5 Training Tips from the Experts To Calm Aggressive Dogs
Dog aggression can change the entire relationship and lifestyle between a dog and its owner.
Owners are less likely to take aggressive dogs out where they can become potential threats to other dogs, people, and animals. Training is, therefore, essential to curb the underlying causes of aggressive behavior: frustration and dominance.
Here are the expert’s five top tips for training an aggressive dog.
Understanding Dog Behavior
While some dogs have bad reputations for aggressive behavior, it is important that every dog owner understands that any dog can become aggressive. Big dogs just do bigger damage. Dogs are pack animals that rely on a pack hierarchy with the most dominant dogs being the leaders. When a dominant dog becomes frustrated with a situation, he can become aggressive.
As the pack leader, a dog owner must establish clear boundaries and limitations for their dog. It is also important to give every dog ample time to run and play, releasing pent up energy that might otherwise be misdirected into aggressive tendencies.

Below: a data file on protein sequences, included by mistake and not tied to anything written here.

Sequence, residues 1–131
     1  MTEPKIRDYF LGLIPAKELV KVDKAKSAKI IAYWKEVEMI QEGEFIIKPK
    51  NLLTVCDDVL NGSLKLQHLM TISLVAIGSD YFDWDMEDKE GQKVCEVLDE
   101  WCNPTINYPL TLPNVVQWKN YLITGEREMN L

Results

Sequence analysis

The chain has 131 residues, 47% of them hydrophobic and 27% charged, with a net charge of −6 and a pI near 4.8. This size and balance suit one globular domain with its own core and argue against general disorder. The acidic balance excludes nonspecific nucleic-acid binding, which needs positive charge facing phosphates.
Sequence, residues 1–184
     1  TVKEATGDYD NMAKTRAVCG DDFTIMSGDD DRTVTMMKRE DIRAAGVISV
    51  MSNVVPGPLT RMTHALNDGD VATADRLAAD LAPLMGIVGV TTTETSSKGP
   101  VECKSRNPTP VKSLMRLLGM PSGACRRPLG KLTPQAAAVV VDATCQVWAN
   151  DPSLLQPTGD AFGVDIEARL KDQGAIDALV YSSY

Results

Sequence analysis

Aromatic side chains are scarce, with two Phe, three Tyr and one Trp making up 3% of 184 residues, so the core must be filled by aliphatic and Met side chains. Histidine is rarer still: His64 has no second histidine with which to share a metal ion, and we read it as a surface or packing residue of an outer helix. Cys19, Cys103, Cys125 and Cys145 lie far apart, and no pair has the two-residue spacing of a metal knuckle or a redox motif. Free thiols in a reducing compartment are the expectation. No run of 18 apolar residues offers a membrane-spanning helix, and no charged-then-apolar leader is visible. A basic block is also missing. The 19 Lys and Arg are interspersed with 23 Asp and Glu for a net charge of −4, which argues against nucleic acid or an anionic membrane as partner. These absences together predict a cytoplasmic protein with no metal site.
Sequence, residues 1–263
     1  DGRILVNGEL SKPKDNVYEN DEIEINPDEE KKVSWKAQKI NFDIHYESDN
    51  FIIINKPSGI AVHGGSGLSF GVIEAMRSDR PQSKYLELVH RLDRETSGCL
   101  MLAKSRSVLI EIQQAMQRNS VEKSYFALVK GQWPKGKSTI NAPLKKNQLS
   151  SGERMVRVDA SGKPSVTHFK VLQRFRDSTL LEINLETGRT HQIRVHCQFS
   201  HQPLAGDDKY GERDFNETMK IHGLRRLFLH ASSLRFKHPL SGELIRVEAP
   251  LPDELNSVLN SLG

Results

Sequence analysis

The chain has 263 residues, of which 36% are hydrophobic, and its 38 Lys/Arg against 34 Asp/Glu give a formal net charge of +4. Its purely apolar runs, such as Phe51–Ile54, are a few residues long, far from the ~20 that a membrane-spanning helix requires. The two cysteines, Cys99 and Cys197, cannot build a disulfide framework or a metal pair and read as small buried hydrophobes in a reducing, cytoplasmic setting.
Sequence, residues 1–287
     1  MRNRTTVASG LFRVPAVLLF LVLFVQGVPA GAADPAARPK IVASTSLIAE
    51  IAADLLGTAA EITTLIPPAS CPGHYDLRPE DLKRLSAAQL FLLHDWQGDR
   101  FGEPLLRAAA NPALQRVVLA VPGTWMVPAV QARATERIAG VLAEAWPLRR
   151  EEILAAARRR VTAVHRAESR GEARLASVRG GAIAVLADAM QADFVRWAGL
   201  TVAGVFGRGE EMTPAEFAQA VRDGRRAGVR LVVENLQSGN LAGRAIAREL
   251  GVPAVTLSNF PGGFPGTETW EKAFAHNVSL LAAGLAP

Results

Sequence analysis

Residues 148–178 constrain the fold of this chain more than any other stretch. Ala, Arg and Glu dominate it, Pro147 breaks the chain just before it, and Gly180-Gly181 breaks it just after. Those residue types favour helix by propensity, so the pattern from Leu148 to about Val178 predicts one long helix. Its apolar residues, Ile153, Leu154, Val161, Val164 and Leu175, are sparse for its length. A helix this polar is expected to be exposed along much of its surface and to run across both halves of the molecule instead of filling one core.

Signs of Aggression in Dogs
There are two body stances in dogs that should raise concerns about aggression in dogs. The first is a dominant aggressive stance and the second is a fearful, aggressive stance. When dogs are happy and secure, their body language is more relaxed with ears perked up but not erect, tails wag, and their head is up and alert but not stiff.
A dominant aggressive dog places his weight on his front paws as if to get closer into the situation and exert his behavior. His tail stands up, hackles raised with his lips snarled showing teeth. Growling may be audible but don’t wait for the growl to recognize an aggressive dog.
A fearful, aggressive dog isn’t a dominant dog by nature but is reacting to something where he feels he needs to defend himself. His tail is cowered between his legs with ears slicked back and lips slightly curled. His hackles are raised, and he will attack if pressed. This is how many eager children get bit, approaching and forcing an otherwise agreeable pet into a fearful dog posture.
Do not approach a dog in either aggressive stance and don’t allow people or other animals to approach your dog if he is exhibiting this posture.
Aggressive Dog Training Tips
The good news is you can train an aggressive dog to understand he isn’t the leader of the pack and give him coping skills not to lash out. When they don’t have a leader, they step in and take control. When dogs don’t have rules, the make up their own. Take the role of leader and take back control over your dog.